As the Prime Minister said in Florence, and again in her statement to Parliament earlier this week, at the heart of these arrangements, there should be a clear double lock: a guarantee that there will be a period of implementation giving businesses and people alike the certainty that they will be able to prepare for the change; and a guarantee that this implementation period will be time-limited, giving everyone the certainty that this will not go on forever.

I am pleased we have made good headway on agreeing shared principles on the preservation of the Common Travel Area. We have also made good progress discussing the citizenship and identity rights provided for in the Belfast Agreement, as well as scoping the North-South co-operation that currently takes place under the Agreement.

As I have made clear, future prosperity will be at the heart of our discussions on EU Exit.

But if we are to make real progress on prosperity in Northern Ireland we need a functioning, effective devolved government.

A devolved government that can:

  • Continue to contribute to the important discussions about how the UK will leave the European Union alongside the devolved governments in Scotland and Wales

One which can:

  • Support continued economic growth in Northern Ireland and make the important decisions facing Northern Ireland’s public services.

And one that can:

  • Engage in the debate with NILGA representatives and councils on the key issues facing its members, such as the future role of local government and the balance of powers between the Executive and councils or indeed local priorities for infrastructure and investment.

The absence of an Executive, and the lack of political direction on these important issues, is simply not in the best interests of Northern Ireland.

It is important for growth, prosperity and for the people of Northern Ireland, that we see devolved Government return and return as soon as possible.

This is why I have been working intensively with the Northern Ireland parties and the Irish Government, consistent with the three stranded approach, towards reaching an agreement which will pave the way for the formation of an Executive.

The DUP and Sinn Fein have been in intensive discussions together and have made some progress in closing the gaps between them, including on issues of language and culture.

I have been clear with them that the window for restoration of devolution in Northern Ireland is short; and that we are reaching a critical point at which I would have to consider next steps. I have been very open about this. Now is the time for the parties to look beyond their differences, harness a spirit of compromise and reach agreement.

It would be with great regret and reluctance that increased political decision-making from Westminster would become a reality. But if a deal is not reached imminently, that greater intervention, beginning with Westminster legislation to set a 2017/18 budget for Northern Ireland, risks becoming inevitable.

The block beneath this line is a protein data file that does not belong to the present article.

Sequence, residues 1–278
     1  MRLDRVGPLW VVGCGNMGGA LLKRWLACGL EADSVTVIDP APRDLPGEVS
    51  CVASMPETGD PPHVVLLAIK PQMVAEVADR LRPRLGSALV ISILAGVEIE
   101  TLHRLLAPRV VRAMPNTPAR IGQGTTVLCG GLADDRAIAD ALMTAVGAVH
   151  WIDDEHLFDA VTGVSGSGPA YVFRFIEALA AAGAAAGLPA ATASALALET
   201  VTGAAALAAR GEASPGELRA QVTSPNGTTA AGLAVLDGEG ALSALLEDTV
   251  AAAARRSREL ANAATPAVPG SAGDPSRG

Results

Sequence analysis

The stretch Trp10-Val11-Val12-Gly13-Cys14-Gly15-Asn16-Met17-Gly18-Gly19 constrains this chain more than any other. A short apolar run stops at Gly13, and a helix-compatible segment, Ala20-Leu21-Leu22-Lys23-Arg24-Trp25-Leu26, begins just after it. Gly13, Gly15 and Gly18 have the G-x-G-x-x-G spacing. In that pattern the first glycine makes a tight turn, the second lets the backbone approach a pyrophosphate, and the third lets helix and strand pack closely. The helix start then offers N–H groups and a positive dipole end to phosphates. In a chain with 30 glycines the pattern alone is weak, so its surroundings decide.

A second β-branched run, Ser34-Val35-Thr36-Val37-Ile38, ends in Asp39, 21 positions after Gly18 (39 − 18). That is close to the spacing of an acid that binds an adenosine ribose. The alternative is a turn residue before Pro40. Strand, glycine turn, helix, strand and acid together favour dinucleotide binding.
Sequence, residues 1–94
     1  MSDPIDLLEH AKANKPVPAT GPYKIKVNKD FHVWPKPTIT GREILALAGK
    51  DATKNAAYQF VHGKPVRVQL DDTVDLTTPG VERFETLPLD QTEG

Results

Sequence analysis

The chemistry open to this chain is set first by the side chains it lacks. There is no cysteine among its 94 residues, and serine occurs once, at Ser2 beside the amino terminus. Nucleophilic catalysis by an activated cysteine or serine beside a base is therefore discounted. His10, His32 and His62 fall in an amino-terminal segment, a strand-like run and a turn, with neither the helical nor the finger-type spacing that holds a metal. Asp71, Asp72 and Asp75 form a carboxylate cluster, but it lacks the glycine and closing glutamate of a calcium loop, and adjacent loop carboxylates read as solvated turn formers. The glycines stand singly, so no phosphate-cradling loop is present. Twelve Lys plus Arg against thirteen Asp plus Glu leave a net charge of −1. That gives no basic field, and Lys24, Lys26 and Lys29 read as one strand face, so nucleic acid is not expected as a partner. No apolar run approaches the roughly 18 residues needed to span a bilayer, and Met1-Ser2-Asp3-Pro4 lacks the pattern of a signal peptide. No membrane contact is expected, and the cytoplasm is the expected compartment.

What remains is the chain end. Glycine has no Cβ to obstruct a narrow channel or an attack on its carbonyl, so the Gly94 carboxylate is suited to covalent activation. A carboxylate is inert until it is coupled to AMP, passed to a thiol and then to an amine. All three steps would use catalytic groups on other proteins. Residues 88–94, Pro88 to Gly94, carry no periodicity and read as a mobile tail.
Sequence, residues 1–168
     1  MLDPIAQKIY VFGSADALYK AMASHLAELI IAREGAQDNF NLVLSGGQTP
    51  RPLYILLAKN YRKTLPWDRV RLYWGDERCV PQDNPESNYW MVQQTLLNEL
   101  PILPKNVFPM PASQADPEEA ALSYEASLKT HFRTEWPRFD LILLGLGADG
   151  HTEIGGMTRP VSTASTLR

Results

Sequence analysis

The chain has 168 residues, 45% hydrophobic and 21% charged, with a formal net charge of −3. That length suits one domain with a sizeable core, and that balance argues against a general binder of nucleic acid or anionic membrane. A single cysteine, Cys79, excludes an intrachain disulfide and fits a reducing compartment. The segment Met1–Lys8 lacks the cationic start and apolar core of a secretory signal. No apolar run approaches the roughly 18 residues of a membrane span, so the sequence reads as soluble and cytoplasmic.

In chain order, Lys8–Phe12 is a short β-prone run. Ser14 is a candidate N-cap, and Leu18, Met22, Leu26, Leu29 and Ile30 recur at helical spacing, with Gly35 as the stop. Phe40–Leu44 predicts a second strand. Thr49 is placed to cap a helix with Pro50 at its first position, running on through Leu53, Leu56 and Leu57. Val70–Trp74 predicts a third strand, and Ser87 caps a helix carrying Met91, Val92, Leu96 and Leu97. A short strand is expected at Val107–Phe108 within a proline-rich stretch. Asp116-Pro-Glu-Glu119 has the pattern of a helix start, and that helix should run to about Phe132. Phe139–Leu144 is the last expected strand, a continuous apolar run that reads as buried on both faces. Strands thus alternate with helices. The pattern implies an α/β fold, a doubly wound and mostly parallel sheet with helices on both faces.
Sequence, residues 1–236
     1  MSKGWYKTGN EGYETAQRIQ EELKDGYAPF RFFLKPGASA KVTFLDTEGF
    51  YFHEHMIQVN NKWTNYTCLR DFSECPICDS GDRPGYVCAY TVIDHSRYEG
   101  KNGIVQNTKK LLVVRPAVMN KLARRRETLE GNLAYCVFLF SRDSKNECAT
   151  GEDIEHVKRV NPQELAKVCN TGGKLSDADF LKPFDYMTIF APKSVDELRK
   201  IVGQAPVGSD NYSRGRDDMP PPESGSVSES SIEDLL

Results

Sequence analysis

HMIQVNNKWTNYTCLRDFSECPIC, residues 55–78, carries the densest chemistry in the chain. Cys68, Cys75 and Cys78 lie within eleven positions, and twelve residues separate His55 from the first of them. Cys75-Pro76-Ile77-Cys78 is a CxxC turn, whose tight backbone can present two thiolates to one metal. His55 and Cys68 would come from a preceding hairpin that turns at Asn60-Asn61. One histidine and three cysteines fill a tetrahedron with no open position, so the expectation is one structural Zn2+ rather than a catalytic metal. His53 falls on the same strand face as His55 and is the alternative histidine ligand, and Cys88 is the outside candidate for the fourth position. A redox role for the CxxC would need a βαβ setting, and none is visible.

This would be a big step backwards, a step I do not want to have to take. But I will not shirk from my ultimate responsibility for good governance and political stability in Northern Ireland.

This can be avoided. Devolved Government can be achieved with political leadership at a central and local level.

With support of the people, communities and businesses of Northern Ireland we can unlock the opportunities that we see in front of us:

  • Opportunities to leverage the UK-wide Industrial Strategy to deliver stronger growth

  • Opportunities that EU exit and a new global trade relationships will bring to Northern Ireland

With a devolved government in place we can work with the restored Executive on options for the devolution of corporation tax and take forward work on our commitment to work towards a comprehensive and ambitious set of City Deals for Northern Ireland to prosper.

City Deals is a subject close to my own heart, and I will be engaging with Government colleagues to take this work forward in earnest.

Ultimately of course, we need to work closely with the NI departments as well as local Councils and local business stakeholders. And for that, we need an effective, inclusive Executive back up and running again.

I see a bright economic future for Northern Ireland - one that this Government will continue to support.

And as Secretary of State I will remain a strong champion for Northern Ireland.

This includes supporting Bombardier in the ongoing trade case brought by Boeing.

There, we are clear that the unjustified action by Boeing, is simply not what we would expect of a long-term partner of the United Kingdom.

And everyone here and beyond can be reassured that we will continue to work with Bombardier to safeguard the jobs and livelihoods of over 4,000 skilled workers and their families in Belfast and across Northern Ireland, as well as all of those jobs that are linked to the supply chain too.

But unlocking the growth potential of Northern Ireland is not a job for one party alone.

We need everybody working together.

The UK Government.

A restored Executive.

And local leaders as well.

I have very much welcomed the supporting voice of the NI Local Government Association in stressing the need for the return of devolved government.

And to all elected representatives here today I ask you to take this message back to your parties, to play your part in delivering a resolution and underline just how important the restoration of devolved government is:

  • for business
  • for ordinary people
  • for economic progress
  • and for Northern Ireland as a whole.

Let us work together, as partners, to respond to the challenges and harness the clear opportunities ahead, and let’s get on with delivering the bright positive future for NI we know we can achieve together.

Published 12 October 2017